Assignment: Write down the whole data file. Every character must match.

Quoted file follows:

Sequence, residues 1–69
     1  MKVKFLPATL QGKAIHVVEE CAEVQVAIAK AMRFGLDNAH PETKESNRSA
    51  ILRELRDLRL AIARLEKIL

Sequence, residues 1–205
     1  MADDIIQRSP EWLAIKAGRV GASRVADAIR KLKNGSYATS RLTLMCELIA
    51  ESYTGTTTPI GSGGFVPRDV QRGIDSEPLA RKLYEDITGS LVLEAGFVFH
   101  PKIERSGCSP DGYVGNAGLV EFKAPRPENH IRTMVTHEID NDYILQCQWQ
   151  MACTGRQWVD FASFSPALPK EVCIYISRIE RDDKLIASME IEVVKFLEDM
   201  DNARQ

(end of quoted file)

Sequence, residues 1–69
     1  MKVKFLPATL QGKAIHVVEE CAEVQVAIAK AMRFGLDNAH PETKESNRSA
    51  ILRELRDLRL AIARLEKIL

Sequence, residues 1–205
     1  MADDIIQRSP EWLAIKAGRV GASRVADAIR KLKNGSYATS RLTLMCELIA
    51  ESYTGTTTPI GSGGFVPRDV QRGIDSEPLA RKLYEDITGS LVLEAGFVFH
   101  PKIERSGCSP DGYVGNAGLV EFKAPRPENH IRTMVTHEID NDYILQCQWQ
   151  MACTGRQWVD FASFSPALPK EVCIYISRIE RDDKLIASME IEVVKFLEDM
   201  DNARQ